You can click on each option and you’ll see a green box around what will be clipped. For example, I located a great article on the internet titled “Researching in Georgia” . I wanted to save it to my “Gulf South States Research Helps” notebook for future reference. I clicked the elephant icon and the black box appeared with my clipping options. I selected “Article and the green box surrounding just the main article showed what would be clipped. Website information from the top and the bottom was eliminated.
When you’re getting started with web clipping, experiment with the various options to see what will be clipped to Evernote. Click on each option to see how the note will appear in Evernote. Depending on the website, you might want to just take a screenshot. Taking a screenshot brings up a different menu allowing you to annotate the image. In the screenshot below, I’ve added the red arrow pointing to Alabama, blurred the title “Researching in Georgia” and added the words “Gulf South.” To annotate, simply double click on any of the tool icons, then draw, highlight, blur, add text, etc. Double click again on the image to end the action. The best way to learn how to annotate is to experiment with each tool.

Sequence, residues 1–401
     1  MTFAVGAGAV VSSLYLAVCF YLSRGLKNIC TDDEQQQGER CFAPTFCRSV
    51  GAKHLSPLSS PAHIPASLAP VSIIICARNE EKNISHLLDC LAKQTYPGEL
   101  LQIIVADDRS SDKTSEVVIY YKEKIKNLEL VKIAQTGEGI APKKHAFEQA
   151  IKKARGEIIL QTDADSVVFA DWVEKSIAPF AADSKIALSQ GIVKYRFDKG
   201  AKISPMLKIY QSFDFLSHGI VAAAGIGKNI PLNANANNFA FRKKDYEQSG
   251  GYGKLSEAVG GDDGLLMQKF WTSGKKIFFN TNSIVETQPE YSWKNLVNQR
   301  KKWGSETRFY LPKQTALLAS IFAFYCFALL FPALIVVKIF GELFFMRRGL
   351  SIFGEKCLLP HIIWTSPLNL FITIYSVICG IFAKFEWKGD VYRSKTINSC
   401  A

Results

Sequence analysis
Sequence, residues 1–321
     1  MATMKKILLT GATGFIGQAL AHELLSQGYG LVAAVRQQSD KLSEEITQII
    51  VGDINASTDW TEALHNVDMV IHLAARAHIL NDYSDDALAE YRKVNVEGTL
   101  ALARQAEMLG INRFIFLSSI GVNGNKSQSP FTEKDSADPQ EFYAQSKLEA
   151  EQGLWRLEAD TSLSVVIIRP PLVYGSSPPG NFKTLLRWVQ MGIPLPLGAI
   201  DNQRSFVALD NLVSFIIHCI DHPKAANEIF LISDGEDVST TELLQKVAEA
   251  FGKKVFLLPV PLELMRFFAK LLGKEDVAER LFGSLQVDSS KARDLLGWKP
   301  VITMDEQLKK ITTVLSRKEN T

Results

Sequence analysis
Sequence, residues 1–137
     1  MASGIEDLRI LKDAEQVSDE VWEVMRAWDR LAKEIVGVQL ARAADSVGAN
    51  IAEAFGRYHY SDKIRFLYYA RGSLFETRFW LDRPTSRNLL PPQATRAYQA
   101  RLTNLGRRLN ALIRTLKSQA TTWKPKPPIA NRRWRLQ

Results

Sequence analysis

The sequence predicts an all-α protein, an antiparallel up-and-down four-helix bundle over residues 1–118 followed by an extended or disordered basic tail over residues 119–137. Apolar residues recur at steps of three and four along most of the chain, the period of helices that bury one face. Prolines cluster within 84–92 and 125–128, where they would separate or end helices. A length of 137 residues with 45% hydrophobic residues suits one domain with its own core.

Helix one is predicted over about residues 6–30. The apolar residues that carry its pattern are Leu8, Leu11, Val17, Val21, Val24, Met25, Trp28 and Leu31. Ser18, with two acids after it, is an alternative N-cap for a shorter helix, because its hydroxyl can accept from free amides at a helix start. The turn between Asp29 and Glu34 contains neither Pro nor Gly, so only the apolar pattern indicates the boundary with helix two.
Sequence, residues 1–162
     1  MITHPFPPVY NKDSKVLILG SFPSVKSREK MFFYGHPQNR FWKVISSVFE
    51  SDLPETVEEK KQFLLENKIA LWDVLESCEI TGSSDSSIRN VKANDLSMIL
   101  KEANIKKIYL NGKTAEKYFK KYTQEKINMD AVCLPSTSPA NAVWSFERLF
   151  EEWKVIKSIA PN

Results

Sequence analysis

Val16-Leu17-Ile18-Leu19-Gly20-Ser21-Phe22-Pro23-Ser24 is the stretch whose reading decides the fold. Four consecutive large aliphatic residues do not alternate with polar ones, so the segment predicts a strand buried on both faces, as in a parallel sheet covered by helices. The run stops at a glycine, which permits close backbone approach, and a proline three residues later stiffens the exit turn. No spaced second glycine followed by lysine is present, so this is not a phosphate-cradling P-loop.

To illustrate, I created a note in my Gulf South notebook using each method of web clipping and put the method in the title. The screenshot below shows the various ways Evernote created a note from the same website using the Web Clipper. On the left is the thumbnail, on the right is the highlighted note; “Article – Researching in Georgia.” Each includes a link to the article (in blue, top right), but each is captured a little differently, even using different images from the article. I generally clip the the web page as an “Article” so I don’t need to go to the original site each time to view the information. As you experiment with the tools, you’ll settle on the method that you like the best. I recommend trying out each view, just as I did here. Add the type of clip to the title so you can clearly see what you like best.
Notice in the screen shot below that I typed “researching in georgia” in the search bar. This located all notes with those words for me. The search terms are highlighted in each article.
Uploading Images or PDFs as Notes